It is typically believed that Lupus is influenced by multiple genes. Lupus is usually influenced by gene polymorphisms, 30 of which have now been linked with the disorder. Some of these polymorphisms have been linked very tentatively however, as the role that they play or the degree to which they influence the disease is unknown. Other genes that are commonly thought to be associated with Lupus are those in the Human leukocyte antigen (HLA) family, which are largely related to healthy functioning of the immune system. There have been several cases where a single gene influence appears to be present, but this is rare. When a single gene deficiency does cause Lupus, it is usually attributed to the genes C1, C2, or C4. The influence of sex chromosomes and environmental factors are also noteworthy. Usually, these factors contribute to Lupus by compromising the immune system.

    Age difference

    Lupus can develop in any age group with varying results. Typically, the manifestation of the disease tends to be more acute in those affected who are of younger age. Women are more likely to get it than men. It is more common for a Native American, black or Asian person to get Lupus than a Caucasian. Patients with juvenile onset Lupus in particular, are vulnerable to mucocutaneous (alopecia, skin rash, and ulceration of the mucus membranes) manifestations of the disease more so than any other age group. However, patients with late onset Lupus have a much higher mortality rate. Nearly 50% of those with late onset Lupus died of their affliction. This is most likely due to the age of the patients with late onset Lupus since the manifestation of their disease is much less severe than younger patients. Women who are of childbearing age are also particularly at risk.

    Differences in ethnicity

    Substantial data have been found to indicate that certain ethnic populations could be more at risk for Lupus Erythematosus, and have a better or worse prognosis. Asian, African, and Native Americans are more likely to get Lupus than Caucasians. Caucasians seem to generally have a more mild manifestation of the disease. Their survival rates after five years were typically around 94%-96%, while patients of African, and some Asian ethnicities had survival rates closer to 79%-92%. The only documented ethnicity that had a higher survival rate than Caucasians were Koreans, who had survival rates nearer to 98%. Among Caucasians, the most common causes of death were complications involving the cardiovascular system, the respiratory system and problems with malignancies.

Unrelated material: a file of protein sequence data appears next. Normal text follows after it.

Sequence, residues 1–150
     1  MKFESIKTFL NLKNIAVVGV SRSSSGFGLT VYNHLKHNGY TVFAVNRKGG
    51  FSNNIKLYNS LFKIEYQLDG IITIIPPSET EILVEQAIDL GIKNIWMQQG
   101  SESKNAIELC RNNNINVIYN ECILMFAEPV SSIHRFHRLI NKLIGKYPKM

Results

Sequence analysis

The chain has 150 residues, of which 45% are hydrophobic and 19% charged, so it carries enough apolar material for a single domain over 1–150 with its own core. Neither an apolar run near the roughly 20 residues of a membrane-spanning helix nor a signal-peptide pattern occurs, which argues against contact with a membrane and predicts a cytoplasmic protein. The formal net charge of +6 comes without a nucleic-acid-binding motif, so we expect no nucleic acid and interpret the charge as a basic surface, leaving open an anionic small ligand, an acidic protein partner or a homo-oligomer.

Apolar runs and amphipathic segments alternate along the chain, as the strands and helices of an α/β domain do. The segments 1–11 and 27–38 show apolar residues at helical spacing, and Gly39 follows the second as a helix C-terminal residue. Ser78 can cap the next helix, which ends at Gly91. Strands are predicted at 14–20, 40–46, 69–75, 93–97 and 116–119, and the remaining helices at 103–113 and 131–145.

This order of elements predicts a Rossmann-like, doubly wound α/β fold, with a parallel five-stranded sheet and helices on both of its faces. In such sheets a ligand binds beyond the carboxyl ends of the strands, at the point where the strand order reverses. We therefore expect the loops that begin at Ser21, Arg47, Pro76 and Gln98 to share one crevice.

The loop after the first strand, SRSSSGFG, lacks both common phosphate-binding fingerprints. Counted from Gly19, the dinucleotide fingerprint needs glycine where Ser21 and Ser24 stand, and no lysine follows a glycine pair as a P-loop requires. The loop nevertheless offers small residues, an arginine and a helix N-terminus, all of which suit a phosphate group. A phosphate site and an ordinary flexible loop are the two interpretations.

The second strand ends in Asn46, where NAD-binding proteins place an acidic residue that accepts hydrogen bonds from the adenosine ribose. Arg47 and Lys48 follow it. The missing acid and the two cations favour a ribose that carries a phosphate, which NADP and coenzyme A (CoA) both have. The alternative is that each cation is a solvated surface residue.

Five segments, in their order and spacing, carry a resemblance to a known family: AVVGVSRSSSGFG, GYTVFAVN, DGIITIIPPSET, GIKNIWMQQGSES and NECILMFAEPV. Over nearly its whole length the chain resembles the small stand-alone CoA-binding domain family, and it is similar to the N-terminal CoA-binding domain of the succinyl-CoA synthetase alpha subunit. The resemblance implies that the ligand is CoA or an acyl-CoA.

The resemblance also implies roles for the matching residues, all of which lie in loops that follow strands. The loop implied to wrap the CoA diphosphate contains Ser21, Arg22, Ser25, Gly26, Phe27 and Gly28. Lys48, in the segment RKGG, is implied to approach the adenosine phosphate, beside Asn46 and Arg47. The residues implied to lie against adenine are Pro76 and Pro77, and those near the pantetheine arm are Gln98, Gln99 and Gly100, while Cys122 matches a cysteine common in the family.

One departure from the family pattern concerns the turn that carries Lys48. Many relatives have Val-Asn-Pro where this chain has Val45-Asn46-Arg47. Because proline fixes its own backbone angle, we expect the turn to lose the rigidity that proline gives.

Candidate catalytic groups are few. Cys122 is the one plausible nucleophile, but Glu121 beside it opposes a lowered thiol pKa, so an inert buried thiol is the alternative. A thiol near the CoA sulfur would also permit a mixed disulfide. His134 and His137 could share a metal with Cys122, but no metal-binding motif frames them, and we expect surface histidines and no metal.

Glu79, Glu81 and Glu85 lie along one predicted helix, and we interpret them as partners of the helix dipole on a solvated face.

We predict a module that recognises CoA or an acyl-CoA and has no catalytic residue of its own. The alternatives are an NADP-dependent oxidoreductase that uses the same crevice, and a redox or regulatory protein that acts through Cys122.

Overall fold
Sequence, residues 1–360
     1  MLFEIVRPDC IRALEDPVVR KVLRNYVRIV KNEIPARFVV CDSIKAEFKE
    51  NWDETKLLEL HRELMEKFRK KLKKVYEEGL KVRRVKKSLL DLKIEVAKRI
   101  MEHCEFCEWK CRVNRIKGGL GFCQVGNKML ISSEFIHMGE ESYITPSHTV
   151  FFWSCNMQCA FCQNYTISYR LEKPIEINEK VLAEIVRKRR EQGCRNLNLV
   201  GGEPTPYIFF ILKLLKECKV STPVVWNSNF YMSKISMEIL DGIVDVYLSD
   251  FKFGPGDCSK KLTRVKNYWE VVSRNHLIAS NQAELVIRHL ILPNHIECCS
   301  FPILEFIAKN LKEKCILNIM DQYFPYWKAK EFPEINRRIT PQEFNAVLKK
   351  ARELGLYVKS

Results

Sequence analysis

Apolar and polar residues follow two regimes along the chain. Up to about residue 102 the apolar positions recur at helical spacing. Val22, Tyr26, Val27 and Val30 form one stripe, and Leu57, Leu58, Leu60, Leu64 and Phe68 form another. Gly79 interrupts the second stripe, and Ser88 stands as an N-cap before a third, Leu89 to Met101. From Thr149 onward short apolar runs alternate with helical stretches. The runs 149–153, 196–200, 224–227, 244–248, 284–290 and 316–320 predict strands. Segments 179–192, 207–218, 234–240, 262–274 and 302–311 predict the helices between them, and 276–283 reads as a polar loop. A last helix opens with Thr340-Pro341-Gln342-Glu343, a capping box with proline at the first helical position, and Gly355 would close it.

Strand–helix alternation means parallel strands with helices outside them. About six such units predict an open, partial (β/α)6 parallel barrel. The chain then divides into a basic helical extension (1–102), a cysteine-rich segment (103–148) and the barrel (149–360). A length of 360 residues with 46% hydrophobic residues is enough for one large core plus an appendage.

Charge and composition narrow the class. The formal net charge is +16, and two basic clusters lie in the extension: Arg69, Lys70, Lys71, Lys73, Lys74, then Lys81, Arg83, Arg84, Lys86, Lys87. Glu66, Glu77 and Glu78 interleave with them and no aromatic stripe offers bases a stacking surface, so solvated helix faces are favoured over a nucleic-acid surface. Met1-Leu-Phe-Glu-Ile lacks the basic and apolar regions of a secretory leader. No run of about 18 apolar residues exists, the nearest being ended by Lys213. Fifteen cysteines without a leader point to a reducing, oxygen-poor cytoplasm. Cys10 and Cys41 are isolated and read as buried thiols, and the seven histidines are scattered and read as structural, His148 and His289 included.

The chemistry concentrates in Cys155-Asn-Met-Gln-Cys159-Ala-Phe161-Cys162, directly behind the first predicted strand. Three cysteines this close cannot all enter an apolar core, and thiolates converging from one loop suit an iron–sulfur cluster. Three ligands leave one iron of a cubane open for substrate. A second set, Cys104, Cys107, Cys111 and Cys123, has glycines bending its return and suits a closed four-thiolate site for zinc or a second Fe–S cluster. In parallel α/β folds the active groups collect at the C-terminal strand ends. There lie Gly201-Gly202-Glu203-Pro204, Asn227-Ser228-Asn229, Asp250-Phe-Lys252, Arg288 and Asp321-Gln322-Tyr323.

Treatment for SLE is not curative—the goal is to ease the symptoms of lupus. Treatment can vary depending on how severe your symptoms are and which parts of your body are affected, treatment can vary. Treatments may include:

    anti-inflammatory medications for joint pain and stiffness
    steroid creams for rashes
    corticosteroids of varying doses to minimize the immune response
    antimalarial drugs for skin and joint problems

    Talk with your doctor about your diet and lifestyle habits. Your doctor might recommend eating or avoiding certain foods and minimizing stress to reduce the likelihood of triggering symptoms. You might need to have screenings for osteoporosis, since steroids can thin your bones. Preventative care such as immunizations and cardiac screenings may also be recommended.

    Source: https://en.wikipedia.org/wiki/Lupus_erythematosus